Chapter Five




- chapter 5 index -
pg. 1 - Lizard | pg. 2 - Prince Rupert Awakes | pg. 3 - Tears of Glass | pg. 4 - Go Polonius or Kneel
pg. 5 - Rainbows' Ends and Gold | pg. 6 - Prophets Chained for Burning Masks
pg. 7 - Frederick II & The Cathars | pg. 8 - Bolero - The Peacock's Tale
pg. 9 - The Battle of Glass Tears | pg. 10 - Big Top



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"Gone soon Piepowder's moss-weed court
Round which upholstered Lizards sold
Visions to their leaden flock
Of rainbows' ends and gold.

"Pie Poudre was a court held at a fair to compel peddlers and hawkers to live up to their contracts.
(French, pied poudreux, dusty foot. A vagabond is called in French pied poudreux. )"

- The Dictionary of Phrase and Fable by E. Cobham Brewer

Frederick is equating this disreputable court with the thirteenth century papacy, who offered "Visions to their leaden flock", visions of paradise. Portrayed as comparable in authority (moral and otherwise) to Pie Powder's court, Frederick is also implying the Pope does not offer a true path to spiritual growth. Instead, "upholstered Lizards" (Catholic clergy dressed in their finery) sell visions of paradise to the gullible public. This idea of visions being sold to the ignorant is also present in a book alleged to have been written by Frederick II, The Three Impostors .

"The vulgar reverence these follies because they firmly believe what the Prophets have said, although these visionaries among the Hebrews, were the same as the augurs and the diviners among the pagans. They consult the Bible as if God or nature was therein expounded to them in a special manner.
Christians would rather adore this phantom than listen to the law of Nature which God -- that is to say, Nature, which is the active principle -- has written in the heart of man. All other laws are but human fictions, and pure illusions forged, not by Demons or evil spirits, which are fanciful ideas, but by the skill of Princes and Ecclesiastics to give the former more warrant for their authority, and to enrich the latter by the traffic in..."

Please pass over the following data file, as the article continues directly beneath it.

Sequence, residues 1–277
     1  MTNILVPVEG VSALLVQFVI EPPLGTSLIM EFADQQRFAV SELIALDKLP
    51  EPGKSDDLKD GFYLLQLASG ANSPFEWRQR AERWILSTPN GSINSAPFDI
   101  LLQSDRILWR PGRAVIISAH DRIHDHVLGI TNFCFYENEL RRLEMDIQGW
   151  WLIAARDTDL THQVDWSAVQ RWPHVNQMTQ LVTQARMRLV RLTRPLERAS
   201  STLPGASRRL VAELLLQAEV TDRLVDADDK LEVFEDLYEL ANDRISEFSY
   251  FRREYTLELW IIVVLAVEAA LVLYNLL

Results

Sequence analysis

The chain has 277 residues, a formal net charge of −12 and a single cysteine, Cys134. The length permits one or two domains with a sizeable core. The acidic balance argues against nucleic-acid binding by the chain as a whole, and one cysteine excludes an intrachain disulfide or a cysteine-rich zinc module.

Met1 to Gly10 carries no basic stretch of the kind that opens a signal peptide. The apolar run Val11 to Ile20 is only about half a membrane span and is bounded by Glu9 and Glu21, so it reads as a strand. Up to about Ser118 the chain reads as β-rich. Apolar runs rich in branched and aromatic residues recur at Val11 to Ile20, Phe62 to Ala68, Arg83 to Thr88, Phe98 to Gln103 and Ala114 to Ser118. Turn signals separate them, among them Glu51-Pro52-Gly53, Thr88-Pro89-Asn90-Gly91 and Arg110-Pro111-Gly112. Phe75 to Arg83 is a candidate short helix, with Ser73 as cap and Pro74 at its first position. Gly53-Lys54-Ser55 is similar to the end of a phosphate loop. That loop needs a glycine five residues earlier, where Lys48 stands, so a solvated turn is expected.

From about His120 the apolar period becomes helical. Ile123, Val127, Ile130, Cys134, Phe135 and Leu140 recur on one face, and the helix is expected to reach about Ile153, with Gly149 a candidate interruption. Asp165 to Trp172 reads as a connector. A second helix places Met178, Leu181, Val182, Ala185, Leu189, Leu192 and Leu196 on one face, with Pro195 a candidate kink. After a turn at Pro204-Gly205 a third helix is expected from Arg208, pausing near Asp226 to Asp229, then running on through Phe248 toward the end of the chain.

"Visions to their leaden flock"

"...an infinity of chimeras which sell to the ignorant at a good price."

- The Three Impostors

"According to the Gnostics the human being is able to discover God in himself hidden under the material part of the body. This revelation can come as the result of an intuition or, more often, as the result of a long "ascese" based on renunciation and precise procedures. The wise man knows that the best marriage on earth gathers the soul of man and the spirit who lives in it. In all ages, there has been groups of people to initiate a strange search. Those have considered that one and only one salvation path is open to the human soul: the "Knowledge" linking the researcher and the object of his quest. The Christian Gnosis and the religion that emerged out of it lead us directly to the medieval Catharism."

- Catholics, Heretics and Heresy
by G. C. H. Nullens



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"The Albigenses were the descendants of those heretical Christians who had continued to follow the doctrines of the Persian Mani (Manichaeus), who had been flayed and crucified in the year 277. His principal doctrine, expressed in the words of The Bhagavad-Gita, was that "Light and Darkness are the world's eternal ways." From the third century onwards the Manichean doctrines began to spread rapidly, especially among the Cathars of Bulgaria and the Albigenses of southern France."

- Great Theosophists
Roger Bacon


"At the beginning of the thirteenth century, the Cathars, a group of heretical Christians, thrived across what is now the Languedoc in southern France but was then a patchwork of city-states and principalities beholden to neither king nor bishop. The Cathars held revolutionary beliefs that threatened the authority of the Catholic Church as well as the legitimacy of feudal law."